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410 Notes Ferrous Alloys

410 Notes Ferrous Alloys - MS&E 410/510 Class Notes Ferrous...

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MS&E 410/510 Class Notes –Ferrous alloys Continued D. Low Carbon Steels 1. Overview • C ≤ 0.8 wt% (all fractions in wt% unless otherwise noted) • typically also Mn 0.45 – 0.9%, P 0.025-0.06%, S 0.03-0.05% • most important group of engineering materials (!) • carbon content is distinguishing feature • main advantage = inexpensive for performance level • but disadvantages - cannot be strengthened above about 690 MN/m2 without loss of ductility and impact resistance. - not very hardenable, depth of hardening is limited. - low corrosion and oxidation resistance. - must be quenched very rapidly to obtain a fully martensitic structure, leading to the possibility of quench distortion and cracking. - poor impact resistance at low temperatures. 2. Iron and Dead Mild Steels • C 0.15-0.2% • easily fabricated, low strength • plates and tubes 3. Mild Steels • C 0.15-0.3% • good strength • readily shaped by cold or hot forming, machining, casting • structural and machine applications, I-beams, channels, screws 4. Medium Carbon Steels • C 0.3 – 0.6%, Mn 0.60 - 1.65% • much higher strength, often heat treated • used for shafts, axles, gears, crankshafts, couplings and forgings • steels in the 0.40 to 0.60% C range also used for rails, railway wheels and rail axles 5. High Carbon, or Carbon Tool Steels • C 0.6-1.0%, Mn 0.3-0.9% • used for spring materials and high-strength wires 6. Nomenclature a) many different systems - different industry and standards organizations have different schemes, these are different in different countries and industries) - most common is SAE-AISI designation (SAE = society for automotive engineers, AISI = American iron and steel institute b) Standard scheme for steels is four digit designation XXXX - first two digits = type of steel - second two digits = carbon content in 100ths of a % c) Standard Plain Carbon Steels - 10XX = plain carbon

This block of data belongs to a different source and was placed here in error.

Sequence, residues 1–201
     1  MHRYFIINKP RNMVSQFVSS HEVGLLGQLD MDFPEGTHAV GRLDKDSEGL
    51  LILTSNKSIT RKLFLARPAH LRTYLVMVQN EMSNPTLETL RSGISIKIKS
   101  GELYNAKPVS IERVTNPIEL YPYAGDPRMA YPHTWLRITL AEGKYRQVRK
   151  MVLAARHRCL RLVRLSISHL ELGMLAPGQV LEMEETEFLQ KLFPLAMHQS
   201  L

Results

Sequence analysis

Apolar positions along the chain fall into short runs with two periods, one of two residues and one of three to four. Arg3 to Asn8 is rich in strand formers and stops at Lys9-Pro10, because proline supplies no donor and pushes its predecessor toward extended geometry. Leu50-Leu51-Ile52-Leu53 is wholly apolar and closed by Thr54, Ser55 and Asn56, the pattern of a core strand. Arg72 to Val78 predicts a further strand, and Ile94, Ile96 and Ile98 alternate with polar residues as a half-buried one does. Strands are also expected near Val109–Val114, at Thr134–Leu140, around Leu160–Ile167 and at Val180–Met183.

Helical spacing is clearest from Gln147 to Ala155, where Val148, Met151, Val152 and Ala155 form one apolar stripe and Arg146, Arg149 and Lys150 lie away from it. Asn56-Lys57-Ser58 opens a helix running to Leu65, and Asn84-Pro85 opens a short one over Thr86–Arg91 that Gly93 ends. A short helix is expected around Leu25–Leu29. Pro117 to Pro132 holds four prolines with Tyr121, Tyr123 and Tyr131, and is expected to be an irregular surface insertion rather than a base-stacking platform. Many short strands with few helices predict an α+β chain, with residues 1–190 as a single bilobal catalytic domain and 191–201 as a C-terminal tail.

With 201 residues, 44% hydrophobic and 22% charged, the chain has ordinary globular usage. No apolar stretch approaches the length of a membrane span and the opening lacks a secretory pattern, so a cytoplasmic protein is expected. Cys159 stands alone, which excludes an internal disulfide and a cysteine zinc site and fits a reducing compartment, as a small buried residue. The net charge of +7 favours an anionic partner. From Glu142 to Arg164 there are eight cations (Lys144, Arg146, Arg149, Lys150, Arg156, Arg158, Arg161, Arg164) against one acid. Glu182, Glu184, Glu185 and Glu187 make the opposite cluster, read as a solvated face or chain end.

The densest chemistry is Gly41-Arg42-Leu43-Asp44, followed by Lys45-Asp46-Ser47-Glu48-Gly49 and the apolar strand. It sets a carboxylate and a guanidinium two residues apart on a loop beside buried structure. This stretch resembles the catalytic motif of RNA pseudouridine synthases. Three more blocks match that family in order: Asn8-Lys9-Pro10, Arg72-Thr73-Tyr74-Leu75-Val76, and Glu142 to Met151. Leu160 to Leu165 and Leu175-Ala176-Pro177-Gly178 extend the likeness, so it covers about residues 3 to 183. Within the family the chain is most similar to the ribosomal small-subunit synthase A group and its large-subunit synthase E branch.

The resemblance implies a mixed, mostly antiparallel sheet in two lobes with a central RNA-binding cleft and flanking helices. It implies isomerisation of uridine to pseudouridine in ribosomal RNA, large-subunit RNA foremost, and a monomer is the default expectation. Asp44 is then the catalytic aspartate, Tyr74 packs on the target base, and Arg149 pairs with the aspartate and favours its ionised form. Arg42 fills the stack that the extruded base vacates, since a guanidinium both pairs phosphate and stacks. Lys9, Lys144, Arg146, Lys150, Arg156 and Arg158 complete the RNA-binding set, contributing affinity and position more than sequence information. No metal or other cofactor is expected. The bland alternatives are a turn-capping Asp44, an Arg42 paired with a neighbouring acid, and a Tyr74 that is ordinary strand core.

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- 11XX = “resulphurized” - 12XX = “rephosphorized” - 15XX= plain carbon + Mn 1.00 – 1.65% 7. Some applications of low carbon steels a) Home: domestic appliances such as fridges, washing machines, ovens and microwaves. b) Travel and Transport: car bodies, engine components, wheels, axles, trucks, transmissions, trains, rails, ships, anchor chains, aircraft undercarriages, jet engine components. c) Construction: Building frames and structural elements (plates, angles, hangers ties, beams) for all sizes of buildings, sports stadia, transportation stations, etc. Reinforcing bars for concrete, bridge deck plates, piers and suspension cables, cladding and roofing. Heating/cooling equipment and ductwork d) Power and energy: Oil and gas wells and platforms, pipelines, power turbine components, wind turbine pylons.
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410 Notes Ferrous Alloys - MS&E 410/510 Class Notes Ferrous...

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